The moderator Jill MacDonald queried Gunesekera about his tendency to explore the concept of time in his books. He responded: “In this novel, we have Kairo who is actually deliberately going back in time, whereas in another sort of companion piece Reef, the narrator Triton is on a journey where he is kind of leaving the past behind and entering a new world. So these are two different ways of dealing with time. With this one, it’s also about the philosophy of consolation which is something that as you get older, you have to come to terms with. In this story, it’s about one of the boys trying to deal with the change that life is – it’s a continuous change – when quite often we want to stop time and keep it there.”
MacDonald affirmed the strong sense of inevitability in the novel, before moving on to ask if Suncatcher, whilst being a picture of an earlier Ceylon, is also one of an earlier period in the author’s life. “It’s a mixture of both,” he said, adding that in some ways it’s a novel that’s been there since he was very young; probably been in the back of his head even before he started writing. “This idea of a special friendship and its fragility was very important to me. When I was very young – perhaps Kairo’s age – I did have a friend who died, sadly at a young age. A little later, I had another friend who died, also very young. So this idea of loss and change is something I would approach in my writing in some ways, and it just happened so that there was a moment when I saw a way of shaping it into a story.”
Gunesekera was quick to add that, perhaps there is another reason for the book. “It is kind of a ricochet from the last book – Noontide Toll, which was set very much in that time – in the now – immediately after the war, exploring what life was like then. After writing that book, I thought I’d like to go to a very different time – a time where you didn’t have this history of the last 30 years. This other world, did it have the seeds of the current world or not?”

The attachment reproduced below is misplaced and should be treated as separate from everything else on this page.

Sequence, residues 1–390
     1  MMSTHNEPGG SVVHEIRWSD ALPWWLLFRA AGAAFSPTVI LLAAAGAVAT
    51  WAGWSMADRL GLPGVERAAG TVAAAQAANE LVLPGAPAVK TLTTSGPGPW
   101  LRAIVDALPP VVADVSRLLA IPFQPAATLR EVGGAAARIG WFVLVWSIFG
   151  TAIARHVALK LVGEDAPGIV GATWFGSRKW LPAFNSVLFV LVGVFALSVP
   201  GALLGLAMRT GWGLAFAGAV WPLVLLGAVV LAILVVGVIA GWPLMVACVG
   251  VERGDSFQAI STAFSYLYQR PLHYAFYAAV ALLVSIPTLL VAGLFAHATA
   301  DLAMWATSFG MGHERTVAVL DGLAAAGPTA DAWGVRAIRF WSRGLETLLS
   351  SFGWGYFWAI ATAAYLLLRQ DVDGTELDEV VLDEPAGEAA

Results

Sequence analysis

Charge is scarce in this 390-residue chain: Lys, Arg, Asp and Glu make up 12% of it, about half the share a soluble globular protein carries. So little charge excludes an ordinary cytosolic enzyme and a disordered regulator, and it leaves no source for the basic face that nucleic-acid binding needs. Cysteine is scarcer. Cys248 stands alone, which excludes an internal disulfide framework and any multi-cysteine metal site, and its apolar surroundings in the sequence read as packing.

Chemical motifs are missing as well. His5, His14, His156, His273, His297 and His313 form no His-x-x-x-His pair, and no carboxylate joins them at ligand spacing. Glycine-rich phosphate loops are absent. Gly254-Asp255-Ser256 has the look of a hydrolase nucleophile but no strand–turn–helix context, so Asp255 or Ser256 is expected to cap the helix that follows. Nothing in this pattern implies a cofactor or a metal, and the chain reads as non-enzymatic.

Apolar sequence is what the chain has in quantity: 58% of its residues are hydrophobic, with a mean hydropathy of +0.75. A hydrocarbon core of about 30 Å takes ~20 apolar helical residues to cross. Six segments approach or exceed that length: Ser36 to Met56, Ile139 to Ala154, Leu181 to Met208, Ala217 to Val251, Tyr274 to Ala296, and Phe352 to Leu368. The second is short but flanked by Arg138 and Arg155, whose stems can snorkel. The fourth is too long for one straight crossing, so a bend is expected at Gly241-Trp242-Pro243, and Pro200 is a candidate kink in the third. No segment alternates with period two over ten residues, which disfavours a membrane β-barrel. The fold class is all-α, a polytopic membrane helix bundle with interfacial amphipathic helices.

The event came to a close after a few rounds of questions from the audience members that drew some laughter and amusement from all. “The factors that drove me to certain books were really quite ridiculous factors,” shared Gunesekera candidly, in response to a question on what kind of books he read as a child, and how they influenced his writing. Limited funds to purchase the treasures would mean Gunesekera visited second-hand bookshops and bought whatever he could with the money he had rustled up. “I basically read very popular fiction, starting from detective stories and thrillers like The Hardy Boys, Nancy Drew, and Famous Five and moving to what is described in the book (Suncatcher) as ‘mystifying adult thrillers’.” His introduction to what anyone would term “classics” came much later; but Gunesekera didn’t really think this mattered. “What the books I read really gave me was a love for other worlds; worlds that came out of pages.”
Celebrating 70 years in Sri Lanka, The British Council has been present in Sri Lanka since the immediate post-independence period, representing the UK in all aspects of cultural relations, building connections and opportunities between people of the UK and Sri Lanka.